Retinopathy is a major cause of blindness among adults in the developed world. Risk factors are diabetes (especially with elevated blood glucose levels), vitamin deficiency, and old age. In retinopathy, the retina of the eye is damaged when retinal capillaries bulge or burst, leaking blood or fluid into the surrounding tissue. New capillaries that grow on the retina (and into the vitreous) cause blurred vision or blindness. Permanent blindness can result from retinal detachment caused by scar tissue. Prevention requires annual dilated eye exams and proper vitamin and nutrient intake. Researchers conclude that improved levels of antioxidants in pregnant women could help prevent retinopathy in their premature infants.SUMMARY
- Long-term antioxidant protection of the eyes can be provided by taking 3 tablets 3 times a day, of Life Extension Mix and 1 capsule a day of the Life Extension Booster formula. These two supplements provide the alpha and gamma forms of vitamin E, lutein, minerals for the formation of superoxide dismutase (SOD), such as zinc, manganese, and copper along with potent B complex vitamins. Some people may also want to take additional vitamin B6 (up to an additional 250 mg).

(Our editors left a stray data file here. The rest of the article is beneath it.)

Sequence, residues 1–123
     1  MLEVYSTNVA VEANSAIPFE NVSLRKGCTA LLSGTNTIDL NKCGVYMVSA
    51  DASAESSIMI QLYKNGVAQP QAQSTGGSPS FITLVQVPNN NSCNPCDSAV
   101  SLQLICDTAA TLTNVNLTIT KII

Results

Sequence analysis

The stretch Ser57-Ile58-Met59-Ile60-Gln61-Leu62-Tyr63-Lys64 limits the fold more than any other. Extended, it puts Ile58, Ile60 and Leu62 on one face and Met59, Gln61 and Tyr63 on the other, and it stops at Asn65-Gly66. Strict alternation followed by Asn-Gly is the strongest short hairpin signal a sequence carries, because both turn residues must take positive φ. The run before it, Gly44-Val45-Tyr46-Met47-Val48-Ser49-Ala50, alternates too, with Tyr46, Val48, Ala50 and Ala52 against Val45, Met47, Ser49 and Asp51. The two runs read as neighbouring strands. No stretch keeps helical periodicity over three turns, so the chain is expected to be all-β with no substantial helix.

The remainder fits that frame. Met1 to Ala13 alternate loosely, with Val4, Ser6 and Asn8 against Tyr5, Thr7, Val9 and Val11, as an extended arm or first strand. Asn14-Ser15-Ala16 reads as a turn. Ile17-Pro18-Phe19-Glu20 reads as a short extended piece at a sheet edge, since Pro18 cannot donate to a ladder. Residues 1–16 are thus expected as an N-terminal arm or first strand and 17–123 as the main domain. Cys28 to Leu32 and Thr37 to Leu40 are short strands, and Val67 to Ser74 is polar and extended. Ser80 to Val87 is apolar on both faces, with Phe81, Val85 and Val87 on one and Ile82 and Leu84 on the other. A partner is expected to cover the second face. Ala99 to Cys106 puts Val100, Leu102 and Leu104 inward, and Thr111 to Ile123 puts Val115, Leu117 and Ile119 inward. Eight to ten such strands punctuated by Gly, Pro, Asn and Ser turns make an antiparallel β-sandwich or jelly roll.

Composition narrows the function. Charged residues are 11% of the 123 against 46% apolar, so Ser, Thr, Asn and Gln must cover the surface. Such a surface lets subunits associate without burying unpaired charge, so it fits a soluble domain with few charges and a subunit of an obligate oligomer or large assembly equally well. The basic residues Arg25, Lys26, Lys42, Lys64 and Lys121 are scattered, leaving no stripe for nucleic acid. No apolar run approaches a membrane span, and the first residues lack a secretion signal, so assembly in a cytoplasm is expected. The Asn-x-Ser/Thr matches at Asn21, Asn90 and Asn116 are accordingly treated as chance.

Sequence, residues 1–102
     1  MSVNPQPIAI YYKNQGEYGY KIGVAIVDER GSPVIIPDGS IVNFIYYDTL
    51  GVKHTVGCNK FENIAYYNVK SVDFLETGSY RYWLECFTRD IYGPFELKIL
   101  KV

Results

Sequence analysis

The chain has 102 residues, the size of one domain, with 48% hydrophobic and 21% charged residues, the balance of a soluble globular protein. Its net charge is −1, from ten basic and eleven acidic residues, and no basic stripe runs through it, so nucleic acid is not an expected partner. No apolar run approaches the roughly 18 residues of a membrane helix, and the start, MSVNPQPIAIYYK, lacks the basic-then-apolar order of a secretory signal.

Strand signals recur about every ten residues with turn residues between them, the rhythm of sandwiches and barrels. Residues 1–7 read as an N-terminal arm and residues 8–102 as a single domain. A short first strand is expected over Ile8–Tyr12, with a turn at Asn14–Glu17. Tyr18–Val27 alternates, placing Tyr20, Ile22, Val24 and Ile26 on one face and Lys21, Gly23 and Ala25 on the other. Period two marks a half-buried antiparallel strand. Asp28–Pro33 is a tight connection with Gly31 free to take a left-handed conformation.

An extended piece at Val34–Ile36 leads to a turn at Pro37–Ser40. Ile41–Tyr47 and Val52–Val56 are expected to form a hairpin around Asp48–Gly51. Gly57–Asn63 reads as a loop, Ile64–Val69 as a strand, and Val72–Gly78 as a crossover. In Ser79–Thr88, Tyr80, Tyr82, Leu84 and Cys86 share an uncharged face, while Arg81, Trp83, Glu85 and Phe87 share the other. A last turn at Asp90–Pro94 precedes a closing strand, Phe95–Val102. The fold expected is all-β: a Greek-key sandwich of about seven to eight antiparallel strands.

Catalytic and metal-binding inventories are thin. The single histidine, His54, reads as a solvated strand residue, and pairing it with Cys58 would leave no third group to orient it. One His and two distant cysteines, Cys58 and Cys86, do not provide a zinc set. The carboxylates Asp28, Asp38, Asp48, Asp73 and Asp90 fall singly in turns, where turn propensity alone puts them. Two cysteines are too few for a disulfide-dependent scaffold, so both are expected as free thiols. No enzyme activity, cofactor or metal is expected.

- Carnosine is an antiglycating agent that helps protect against the damaging effects of glycation. As an oral supplement, two 500-mg capsules daily are recommended. As an eyedrop, carno-sine may help prevent protein cross-linking in the retina. One to two drops daily of carnosine eyedrops are recommended. Those with any kind of eye problem may want to apply 1-2 drops several times a day.
- Zeaxanthin and lutein may help filter harmful UVB light and quench free radicals that harm the retina. Suggested dose from diet or supplements is 5 mg a day of zeaxanthin and 15-20 mg a day of lutein.
- Silibinin may help slow the extent of diabetic retinopathy; 250-500 mg a day is suggested.
- Green tea extract is a powerful antioxidant that has shown promise in the treatment of degenerative eye disease; 600-700 mg of a 95% polyphenol extract is suggested.
- Taking 2000 mg a day of acetyl-L-carnitine should be considered by those who have retinopathy, particularly if on a vegetarian diet.
For more information, contact the National Eye Health Education Program of the National Institutes of Health, (301) 496-5248.